Fans of the New Jersey Nets can't be a happy bunch these days. Thirteen games have been played and the team has still failed to taste victory.
Happiness, though, is often driven by relative standing. Sure, some folks are better off than you. But if you can focus on those who are worse off, sometimes - in a perverse way - that can make you feel better.
Such a fact probably can't make fans of the Nets that happy. After all, they are the only team without a win. But wins and losses aren't always the best measure of a team's quality. If we want to forecast the future we are better off looking at a team's efficiency differential.
Efficiency differential is calculated by subtracting a team's defensive efficiency from a team's offensive efficiency; where offensive efficiency is simply how many points a team scores per possession (and defensive efficiency is points surrendered per possession).
After thirteen games the Nets are scoring 89.5 points per 100 possessions, a mark that ranks dead last in the NBA. On defensive the picture isn't quite so grim. The Nets are only allowing 100.2 points per 100 possessions. Only nine NBA teams are doing better defensively. Yes, the woeful Nets are currently the 10th best defensive team in the league.
Despite this team's defense - or because of the team's offense -- the Nets' efficiency differential is -10.7 (89.5-100.2). How bad is this mark? Since 1973-74, only seven teams have finished with a lower differential. And no team had done this badly since 1999-2000 (the LA Clippers finished with a differential of -11.9 that season). If we connect efficiency differential to team wins, we see that the Nets' current mark translates into about 13 wins across an entire NBA season. Yes, this is bleak. But 13 wins are better than nothing.
And it could be a better mark than what we might see from the Minnesota Timberwolves. The T-Wolves currently have a 1-12 record. When we turn to efficiency differential, though, Minnesota's mark of -15.2 is easily the lowest in the NBA. Since 1973-74 (the first year we can measure possessions), no team has ever done this badly. So if this continues, it will be the Timberwolves - not the Nets - who will finish the 2009-10 season as the worst team in NBA history.
And Nets fans have some hope the gap between the T-Wolves and Nets will widen. Devin Harris - who averaged 21.3 points per game last season -- has only played 89 minutes in 2009-10. He is now back, and that suggests the possibility of winning has increased dramatically.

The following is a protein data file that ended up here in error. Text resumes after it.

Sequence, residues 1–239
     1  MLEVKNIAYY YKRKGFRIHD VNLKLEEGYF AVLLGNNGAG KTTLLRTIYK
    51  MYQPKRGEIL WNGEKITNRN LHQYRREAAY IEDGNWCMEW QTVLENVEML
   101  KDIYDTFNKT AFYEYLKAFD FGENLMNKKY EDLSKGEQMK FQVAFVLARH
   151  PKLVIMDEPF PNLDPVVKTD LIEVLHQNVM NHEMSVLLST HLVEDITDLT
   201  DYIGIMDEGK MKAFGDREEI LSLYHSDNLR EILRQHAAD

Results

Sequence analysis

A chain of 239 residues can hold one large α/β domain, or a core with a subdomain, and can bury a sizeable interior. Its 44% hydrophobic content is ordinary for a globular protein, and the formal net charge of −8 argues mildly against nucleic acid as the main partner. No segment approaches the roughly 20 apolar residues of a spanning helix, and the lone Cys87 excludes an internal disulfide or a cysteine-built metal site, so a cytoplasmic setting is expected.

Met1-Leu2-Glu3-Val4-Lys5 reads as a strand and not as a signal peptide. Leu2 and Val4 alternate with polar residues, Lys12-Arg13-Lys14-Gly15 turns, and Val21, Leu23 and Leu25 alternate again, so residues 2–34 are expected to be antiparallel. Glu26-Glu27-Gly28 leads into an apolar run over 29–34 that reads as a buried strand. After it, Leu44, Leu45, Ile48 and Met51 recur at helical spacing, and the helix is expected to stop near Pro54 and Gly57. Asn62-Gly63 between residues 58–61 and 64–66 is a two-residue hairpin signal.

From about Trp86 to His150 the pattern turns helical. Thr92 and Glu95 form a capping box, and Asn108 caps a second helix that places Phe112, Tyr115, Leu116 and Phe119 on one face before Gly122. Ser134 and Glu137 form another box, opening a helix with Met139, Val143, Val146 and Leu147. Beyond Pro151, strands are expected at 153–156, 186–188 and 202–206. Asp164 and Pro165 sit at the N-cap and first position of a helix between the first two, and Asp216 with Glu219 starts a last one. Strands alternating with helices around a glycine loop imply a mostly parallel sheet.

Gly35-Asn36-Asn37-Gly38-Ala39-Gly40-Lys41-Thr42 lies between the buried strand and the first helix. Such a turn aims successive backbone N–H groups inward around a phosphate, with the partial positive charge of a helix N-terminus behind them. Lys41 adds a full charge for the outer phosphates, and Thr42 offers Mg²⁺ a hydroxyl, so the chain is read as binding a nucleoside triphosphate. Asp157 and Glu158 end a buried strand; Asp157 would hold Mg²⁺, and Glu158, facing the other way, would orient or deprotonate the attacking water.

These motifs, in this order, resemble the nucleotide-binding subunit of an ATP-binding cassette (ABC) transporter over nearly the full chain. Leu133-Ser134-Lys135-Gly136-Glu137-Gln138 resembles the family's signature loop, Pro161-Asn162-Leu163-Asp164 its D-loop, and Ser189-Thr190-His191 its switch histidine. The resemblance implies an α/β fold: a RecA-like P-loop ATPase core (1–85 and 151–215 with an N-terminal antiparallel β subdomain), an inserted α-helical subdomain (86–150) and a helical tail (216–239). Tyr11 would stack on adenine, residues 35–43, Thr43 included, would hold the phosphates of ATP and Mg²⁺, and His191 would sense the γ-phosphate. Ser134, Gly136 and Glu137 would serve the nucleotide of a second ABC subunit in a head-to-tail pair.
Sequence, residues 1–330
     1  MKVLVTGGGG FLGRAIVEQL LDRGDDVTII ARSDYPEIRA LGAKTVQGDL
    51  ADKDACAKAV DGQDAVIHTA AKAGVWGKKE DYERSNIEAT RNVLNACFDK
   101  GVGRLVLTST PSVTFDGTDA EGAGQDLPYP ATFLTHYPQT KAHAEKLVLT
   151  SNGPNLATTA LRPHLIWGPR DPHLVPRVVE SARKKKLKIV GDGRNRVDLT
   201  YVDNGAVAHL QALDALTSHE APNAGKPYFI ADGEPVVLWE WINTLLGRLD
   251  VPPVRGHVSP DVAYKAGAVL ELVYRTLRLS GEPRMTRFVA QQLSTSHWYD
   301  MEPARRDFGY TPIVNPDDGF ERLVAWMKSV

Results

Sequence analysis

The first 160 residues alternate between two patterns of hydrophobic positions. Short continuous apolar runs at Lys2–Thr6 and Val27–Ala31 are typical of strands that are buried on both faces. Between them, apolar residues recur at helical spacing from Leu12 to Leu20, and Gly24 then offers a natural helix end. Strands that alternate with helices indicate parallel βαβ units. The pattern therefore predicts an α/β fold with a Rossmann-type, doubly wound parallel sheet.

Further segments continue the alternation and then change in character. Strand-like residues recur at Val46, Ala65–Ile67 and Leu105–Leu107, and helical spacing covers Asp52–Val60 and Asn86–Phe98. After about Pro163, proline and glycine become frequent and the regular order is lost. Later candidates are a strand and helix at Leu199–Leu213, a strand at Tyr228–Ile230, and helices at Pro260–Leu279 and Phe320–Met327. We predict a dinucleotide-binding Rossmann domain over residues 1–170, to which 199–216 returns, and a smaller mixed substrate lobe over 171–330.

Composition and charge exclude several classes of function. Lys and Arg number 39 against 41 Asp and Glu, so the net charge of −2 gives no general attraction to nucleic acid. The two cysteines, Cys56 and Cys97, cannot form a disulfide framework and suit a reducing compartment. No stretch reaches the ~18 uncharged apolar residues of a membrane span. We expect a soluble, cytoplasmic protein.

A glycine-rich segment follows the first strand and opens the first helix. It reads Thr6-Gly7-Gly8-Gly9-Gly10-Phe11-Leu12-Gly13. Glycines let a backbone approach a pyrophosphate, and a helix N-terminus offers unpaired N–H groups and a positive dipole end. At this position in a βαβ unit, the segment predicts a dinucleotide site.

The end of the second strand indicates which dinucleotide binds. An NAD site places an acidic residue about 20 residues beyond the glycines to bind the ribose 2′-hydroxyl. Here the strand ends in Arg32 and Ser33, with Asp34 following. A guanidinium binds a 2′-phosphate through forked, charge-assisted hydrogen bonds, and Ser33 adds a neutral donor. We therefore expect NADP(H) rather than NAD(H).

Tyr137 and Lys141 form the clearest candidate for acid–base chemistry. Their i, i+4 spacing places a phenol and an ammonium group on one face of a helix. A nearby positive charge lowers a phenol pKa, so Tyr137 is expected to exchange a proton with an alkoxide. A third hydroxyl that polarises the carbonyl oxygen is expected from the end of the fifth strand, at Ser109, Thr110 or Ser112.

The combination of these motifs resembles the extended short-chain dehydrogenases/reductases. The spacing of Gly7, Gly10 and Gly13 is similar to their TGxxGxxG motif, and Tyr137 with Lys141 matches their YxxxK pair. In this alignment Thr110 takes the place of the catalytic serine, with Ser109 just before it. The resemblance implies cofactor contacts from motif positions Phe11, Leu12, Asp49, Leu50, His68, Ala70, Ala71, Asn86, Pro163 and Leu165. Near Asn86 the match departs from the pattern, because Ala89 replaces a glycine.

Well, maybe not that dramatically. Observers of the NBA tend to focus on scoring in evaluating players. A player's contribution to wins goes beyond points scored. Specifically -- as detailed at The Wages of Wins Journal and at wagesofwins.com -- one can move from a team's efficiency differential to a measure of each player's production of wins (or Wins Produced). This step reveals that the most productive players - i.e. the player's who produce the most wins - shoot efficiently, rebound, generate steals, and avoid turnovers. Yes, blocked shots and assists impact outcomes. But efficient scoring and factors associated with getting and maintaining possession of the ball are the most important.
Turning to Harris, we see a player who has been slightly above average with respect to shooting efficiency across his career. And in 2009-10, he was able to get to the free throw line, generate steals, and accumulate assists. As for rebounds and turnovers, though, Harris is below average. When we put the whole picture together and calculate Wins Produced, we see that Harris produced 8.0 wins last season. Although Harris is above average, he's hardly an elite point guard. Last season, ten point guards produced more wins than Harris. This list includes Chris Paul (28.2 Wins Produced), Jason Kidd (19.8 Wins Produced), and Rajon Rondo (17.2 Wins Produced).
And New Jersey is not the only team who will be helped by a returning player. Sometime in December, Kevin Love is schedule to return to Minnesota's line-up. In terms of Wins Produced, Love was actually the most productive rookie in the NBA last season (yes, more productive than Derrick Rose). If Love returns - and maintains what we saw from him as a rookie - then the T-Wolves will also win a few more games.
Love, though, may not be enough for the T-Wolves to catch the Nets. For Minnesota to improve, it's going to need more production from Al Jefferson and Ramon Sessions (two above average players from last season). Until that happens, fans of the Nets can look at Minnesota and say "well, we ain't that bad." Yes, that ain't much. But for fans for New Jersey, it's something to be happy about.